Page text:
PLYMOUTH, N.H. — The American Civil Liberties Union called Thursday for a court in New Hampshire to suppress evidence against 18 people charged with drug possession after being stopped by Customs and Border Protection agents last summer.

The group was arrested on Interstate 93 in Woodstock at two checkpoints after searches uncovered mostly small amounts of marijuana and other narcotics as part of what authorities said was a search for people living in the country illegally. The drugs were handed over to local police because the amounts confiscated didn’t meet the federal threshold for prosecution. The suspects, 16 of whom were in court Thursday, didn’t address the judge nor did they speak to reporters.

The agents stopped dozens of cars about 90 miles from the Canadian border, which they were allowed to do since authorities can set up checkpoints within 100 miles of any U.S. “external boundary.”

The ACLU told Plymouth District Court Judge Thomas Rappa that New Hampshire’s Constitution is more protective of privacy than the U.S. Constitution, and that evidence from federal searches can’t be used in state prosecutions if it was gathered in a way that violates the state constitution.

“What this case is about, what this motion to suppress is about at the end of the day is the integrity of the New Hampshire Constitution and the principle that the New Hampshire Constitution provides greater search and seizure rights to defendants than the Fourth Amendment,” Gilles Bissonnette, the ACLU’s legal director, told the court. “If the state chooses to prosecute a person in state court under our state’s laws based on evidence seized in New Hampshire, that seizure must comply with the New Hampshire Constitution.”

Gabriel Nizetic, who is representing the state, insisted the seizures didn’t violate the Fourth Amendment prohibiting unreasonable searches and seizures, which he argued, applied in this case. He noted that the federal authorities were in charge of the stops and that everything that occurred including using dogs to identify the suspected vehicles complied with the Fourth Amendment.

“What is at stake here is not the integrity of the New Hampshire Constitution. What is at stake here is the integrity of the United States Constitution,” Nizetic told the court. “It is the United States Constitution that controls these particular cases. These are federal agents working for a federal agency performing a federal function in the federation of states.”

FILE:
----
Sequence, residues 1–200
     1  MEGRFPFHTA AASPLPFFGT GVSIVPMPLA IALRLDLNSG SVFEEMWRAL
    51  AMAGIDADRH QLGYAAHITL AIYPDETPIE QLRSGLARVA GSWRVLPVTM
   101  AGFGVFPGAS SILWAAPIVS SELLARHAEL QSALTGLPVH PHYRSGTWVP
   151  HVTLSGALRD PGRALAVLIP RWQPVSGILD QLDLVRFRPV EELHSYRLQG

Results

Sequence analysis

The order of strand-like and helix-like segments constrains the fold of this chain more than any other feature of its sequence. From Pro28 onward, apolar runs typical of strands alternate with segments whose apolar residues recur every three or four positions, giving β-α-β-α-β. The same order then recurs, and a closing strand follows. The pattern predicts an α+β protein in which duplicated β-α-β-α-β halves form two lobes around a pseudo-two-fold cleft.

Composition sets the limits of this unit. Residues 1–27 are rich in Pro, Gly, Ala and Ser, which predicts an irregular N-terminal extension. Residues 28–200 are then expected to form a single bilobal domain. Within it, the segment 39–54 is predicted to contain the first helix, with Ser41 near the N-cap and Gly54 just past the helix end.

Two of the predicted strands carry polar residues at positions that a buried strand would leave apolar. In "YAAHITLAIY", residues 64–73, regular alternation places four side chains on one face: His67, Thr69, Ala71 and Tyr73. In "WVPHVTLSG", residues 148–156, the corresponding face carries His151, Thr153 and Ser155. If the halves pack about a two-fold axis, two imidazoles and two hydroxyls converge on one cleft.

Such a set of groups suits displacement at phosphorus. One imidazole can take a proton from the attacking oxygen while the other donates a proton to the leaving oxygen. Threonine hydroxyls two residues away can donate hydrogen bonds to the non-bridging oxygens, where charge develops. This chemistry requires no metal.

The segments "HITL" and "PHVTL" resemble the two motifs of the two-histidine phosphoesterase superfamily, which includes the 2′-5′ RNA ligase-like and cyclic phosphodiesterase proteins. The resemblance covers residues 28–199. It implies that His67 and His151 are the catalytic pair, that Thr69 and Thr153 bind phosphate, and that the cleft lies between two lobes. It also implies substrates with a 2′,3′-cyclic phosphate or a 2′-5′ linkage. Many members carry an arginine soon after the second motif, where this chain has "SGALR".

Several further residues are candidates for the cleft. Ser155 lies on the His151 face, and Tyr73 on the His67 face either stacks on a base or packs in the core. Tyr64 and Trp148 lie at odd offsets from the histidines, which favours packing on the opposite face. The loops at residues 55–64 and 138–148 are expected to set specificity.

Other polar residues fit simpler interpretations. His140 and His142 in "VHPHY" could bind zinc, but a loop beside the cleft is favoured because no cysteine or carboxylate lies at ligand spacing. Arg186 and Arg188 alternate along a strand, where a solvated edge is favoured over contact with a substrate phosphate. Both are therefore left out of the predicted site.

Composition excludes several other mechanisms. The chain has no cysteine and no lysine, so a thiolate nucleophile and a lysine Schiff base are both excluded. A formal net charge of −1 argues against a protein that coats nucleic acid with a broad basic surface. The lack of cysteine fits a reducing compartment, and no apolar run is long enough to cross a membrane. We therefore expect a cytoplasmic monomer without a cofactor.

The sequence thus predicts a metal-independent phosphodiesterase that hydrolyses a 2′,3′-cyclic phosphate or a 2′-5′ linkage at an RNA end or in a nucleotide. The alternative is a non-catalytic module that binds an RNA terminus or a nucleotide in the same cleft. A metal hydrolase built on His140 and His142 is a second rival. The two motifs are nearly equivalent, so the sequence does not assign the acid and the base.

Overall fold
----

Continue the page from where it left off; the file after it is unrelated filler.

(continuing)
The courts have addressed this issue in other border states, mostly notably in New Mexico, Washington and Arizona. In New Mexico, the state’s highest court ruled in 2015 that the state’s protections against search and seizure do not apply at international border checkpoints. The five-member panel made the distinction in overturning a previous ruling made by an appeals court in a 2012 drug smuggling case. In the opinion, Justice Edward L. Chavez wrote the state law does not mean greater protections against searches at an international border checkpoint.

The hearing Thursday mostly centered on the role of the border agents at these stops.

The ACLU repeatedly questioned several agents who worked the checkpoints over the intention of the stops, with much of their focus on the dogs that were used to identify suspicious cars. The agents insisted they were there to find people in the country illegally and were concealed in the cars, but admitted they had found only drugs. The ACLU also highlighted the fact that these were warrantless searches done without the consent of the suspects, and that agents were doing searches that Woodstock police officers standing nearby weren’t allowed to do.

Rappa said he would take the case under advisement, though at one point he appeared sympathetic to the ACLU position. He asked Nizetic why the agents didn’t limit their searches to concealed individuals if that was the reason for the checkpoints. And when “nobody jumps out of the trunk or from under the hood, that’s it. That’s the extent of it.”

Nizetic said they could have done that but chose to go further — in many cases when they smelled marijuana in the vehicles.